“In 1941, the first people to be murdered in the Ponary massacre were 348 Jews and others who had been imprisoned at Lukiškės. Nearly 100,000 people, mostly Jewish, would be murdered at the Ponary site near Vilnius, formerly known as Vilna, in the subsequent months.”
Lukiškės stopped ceased prison operations in 2019, but it’s now a tourist site in Vilnius.
Yikes. Is there anything else?
On May 27, 2022 Lithuanian National Radio and Television (LRT) reported that Lukiškės was partnering with AirBnB to make a “Stranger Things”-themed cell available for public booking.
Part of the booking included “a guided tour through the prison and a tasting of waffles like the ones beloved by the show’s characters.”
To put that in context: For 107 Euros ($114) a night, Lukiškės Prison and AirBnB offered “Stranger Things” fans the opportunity to light-heartedly eat waffles in a place where Jews were held before they were murdered, and Soviet political prisoners were tortured and executed.
Despite Netflix heavily promoting their new “Stranger Things” experiences, where guests can immerse themselves in the show’s storyline, it’s unclear whether or not the streaming platform had any involvement in the Lukiškės AirBnB. In any case, following backlash, the outlet Primetimer reported that the prison was no longer available for booking.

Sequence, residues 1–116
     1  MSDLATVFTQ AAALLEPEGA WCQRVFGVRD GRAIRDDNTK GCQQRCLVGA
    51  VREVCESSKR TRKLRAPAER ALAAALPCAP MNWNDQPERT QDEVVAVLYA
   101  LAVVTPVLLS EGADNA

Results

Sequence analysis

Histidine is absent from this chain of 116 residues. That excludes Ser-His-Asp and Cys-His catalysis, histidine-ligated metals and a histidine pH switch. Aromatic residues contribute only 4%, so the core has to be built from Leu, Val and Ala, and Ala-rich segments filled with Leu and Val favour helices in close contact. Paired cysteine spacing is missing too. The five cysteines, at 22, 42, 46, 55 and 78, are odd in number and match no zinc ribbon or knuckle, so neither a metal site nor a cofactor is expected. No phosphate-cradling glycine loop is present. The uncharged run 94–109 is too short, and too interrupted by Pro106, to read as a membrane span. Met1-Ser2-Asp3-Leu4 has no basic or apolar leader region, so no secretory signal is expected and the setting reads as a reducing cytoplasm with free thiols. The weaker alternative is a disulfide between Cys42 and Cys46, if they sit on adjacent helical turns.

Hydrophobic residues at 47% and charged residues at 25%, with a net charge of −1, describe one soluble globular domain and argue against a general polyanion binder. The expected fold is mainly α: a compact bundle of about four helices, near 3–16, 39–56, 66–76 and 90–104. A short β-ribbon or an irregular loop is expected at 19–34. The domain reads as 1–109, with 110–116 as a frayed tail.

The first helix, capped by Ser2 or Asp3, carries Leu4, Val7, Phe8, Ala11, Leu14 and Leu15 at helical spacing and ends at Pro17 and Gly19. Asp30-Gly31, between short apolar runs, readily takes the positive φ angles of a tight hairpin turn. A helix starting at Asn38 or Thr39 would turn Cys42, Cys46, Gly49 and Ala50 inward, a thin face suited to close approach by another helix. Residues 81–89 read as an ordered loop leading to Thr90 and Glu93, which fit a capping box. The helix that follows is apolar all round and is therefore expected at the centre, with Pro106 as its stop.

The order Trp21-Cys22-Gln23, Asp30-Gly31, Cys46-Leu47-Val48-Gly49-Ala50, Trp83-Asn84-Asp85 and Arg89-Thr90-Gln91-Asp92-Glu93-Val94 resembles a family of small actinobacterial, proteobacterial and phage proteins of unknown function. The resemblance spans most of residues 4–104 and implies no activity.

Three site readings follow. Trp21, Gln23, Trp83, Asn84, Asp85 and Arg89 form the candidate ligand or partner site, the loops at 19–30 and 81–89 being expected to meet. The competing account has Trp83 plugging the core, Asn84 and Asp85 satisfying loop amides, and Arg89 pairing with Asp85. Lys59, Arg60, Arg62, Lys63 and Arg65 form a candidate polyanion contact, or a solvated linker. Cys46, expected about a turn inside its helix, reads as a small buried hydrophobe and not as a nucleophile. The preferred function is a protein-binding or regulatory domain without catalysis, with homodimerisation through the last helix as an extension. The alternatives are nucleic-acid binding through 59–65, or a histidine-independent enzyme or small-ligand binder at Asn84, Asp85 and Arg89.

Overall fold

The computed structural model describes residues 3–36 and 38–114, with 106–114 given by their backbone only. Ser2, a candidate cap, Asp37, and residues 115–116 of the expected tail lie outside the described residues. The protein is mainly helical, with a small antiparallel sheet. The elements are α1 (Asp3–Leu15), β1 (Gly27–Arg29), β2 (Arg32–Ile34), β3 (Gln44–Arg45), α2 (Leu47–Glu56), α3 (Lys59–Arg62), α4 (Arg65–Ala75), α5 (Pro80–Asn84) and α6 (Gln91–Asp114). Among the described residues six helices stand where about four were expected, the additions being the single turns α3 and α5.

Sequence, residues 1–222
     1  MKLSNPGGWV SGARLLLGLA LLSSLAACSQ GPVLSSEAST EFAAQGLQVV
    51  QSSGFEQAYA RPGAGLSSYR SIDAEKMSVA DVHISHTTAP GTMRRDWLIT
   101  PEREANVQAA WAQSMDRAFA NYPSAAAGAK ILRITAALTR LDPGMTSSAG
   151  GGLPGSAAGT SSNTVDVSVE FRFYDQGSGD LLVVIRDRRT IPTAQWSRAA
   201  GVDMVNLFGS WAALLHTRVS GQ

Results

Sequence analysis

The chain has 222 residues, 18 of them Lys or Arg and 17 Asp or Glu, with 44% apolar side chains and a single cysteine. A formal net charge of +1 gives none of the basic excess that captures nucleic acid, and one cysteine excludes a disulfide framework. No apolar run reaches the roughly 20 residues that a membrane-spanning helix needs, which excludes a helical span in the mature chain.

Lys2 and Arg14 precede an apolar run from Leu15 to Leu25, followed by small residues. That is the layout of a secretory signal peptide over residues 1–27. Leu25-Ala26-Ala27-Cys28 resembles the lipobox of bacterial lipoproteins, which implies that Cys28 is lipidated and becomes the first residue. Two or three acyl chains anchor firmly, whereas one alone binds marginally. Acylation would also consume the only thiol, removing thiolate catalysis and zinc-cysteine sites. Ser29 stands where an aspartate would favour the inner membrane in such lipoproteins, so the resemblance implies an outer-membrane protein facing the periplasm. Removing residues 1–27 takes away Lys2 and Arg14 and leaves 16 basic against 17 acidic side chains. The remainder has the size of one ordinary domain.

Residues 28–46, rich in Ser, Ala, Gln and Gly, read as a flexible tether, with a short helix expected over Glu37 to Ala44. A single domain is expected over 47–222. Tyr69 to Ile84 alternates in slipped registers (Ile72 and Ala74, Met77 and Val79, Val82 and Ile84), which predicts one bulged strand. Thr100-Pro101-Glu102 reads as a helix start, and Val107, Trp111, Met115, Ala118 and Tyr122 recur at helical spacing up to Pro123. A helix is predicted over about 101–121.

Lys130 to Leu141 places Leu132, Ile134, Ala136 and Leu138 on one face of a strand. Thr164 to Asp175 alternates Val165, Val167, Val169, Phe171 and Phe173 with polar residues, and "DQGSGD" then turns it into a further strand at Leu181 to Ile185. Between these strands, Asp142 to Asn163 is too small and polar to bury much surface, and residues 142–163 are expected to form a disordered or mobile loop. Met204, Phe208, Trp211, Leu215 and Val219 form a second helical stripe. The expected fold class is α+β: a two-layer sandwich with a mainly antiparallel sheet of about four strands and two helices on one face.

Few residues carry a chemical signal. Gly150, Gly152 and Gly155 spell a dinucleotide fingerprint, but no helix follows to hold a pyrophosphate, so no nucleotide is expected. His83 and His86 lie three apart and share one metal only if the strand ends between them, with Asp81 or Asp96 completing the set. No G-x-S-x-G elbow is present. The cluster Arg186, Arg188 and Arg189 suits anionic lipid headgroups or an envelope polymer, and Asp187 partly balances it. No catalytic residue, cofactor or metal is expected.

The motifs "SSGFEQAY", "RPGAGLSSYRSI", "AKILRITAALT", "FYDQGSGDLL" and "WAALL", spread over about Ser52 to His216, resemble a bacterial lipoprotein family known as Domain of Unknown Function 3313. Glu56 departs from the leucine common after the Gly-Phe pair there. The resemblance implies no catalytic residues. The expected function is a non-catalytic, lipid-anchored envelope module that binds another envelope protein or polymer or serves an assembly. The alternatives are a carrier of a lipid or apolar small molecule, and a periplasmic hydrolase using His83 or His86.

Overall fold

And what’s the controversy about “Stranger Things” tattoos?
If you watch the show, you’re aware that main character Eleven was kidnapped as a baby and raised in Hawkins Laboratory. Before she escaped, leading to the plot of season one, she and nine other kidnapped children were experimented on and trained to use psychokinetic abilities. (However, One, the first child Hawkins Lab ever kidnapped is notably missing from the group.) In order to essentially mark the children as their property, Eleven and the other children were given a wrist tattoo.
The audience has known from the first episode of the series that Eleven has the number 011 tattooed on her wrist. However, the significance of the wrist tattoos was heightened in the last episode of volume one, when we discover that before the main villain Vecna was Vecna, he was One. The final scene of volume one is a slow panned-shot in on Vecna’s scaly wrist, where the numbers 001 are faintly displayed.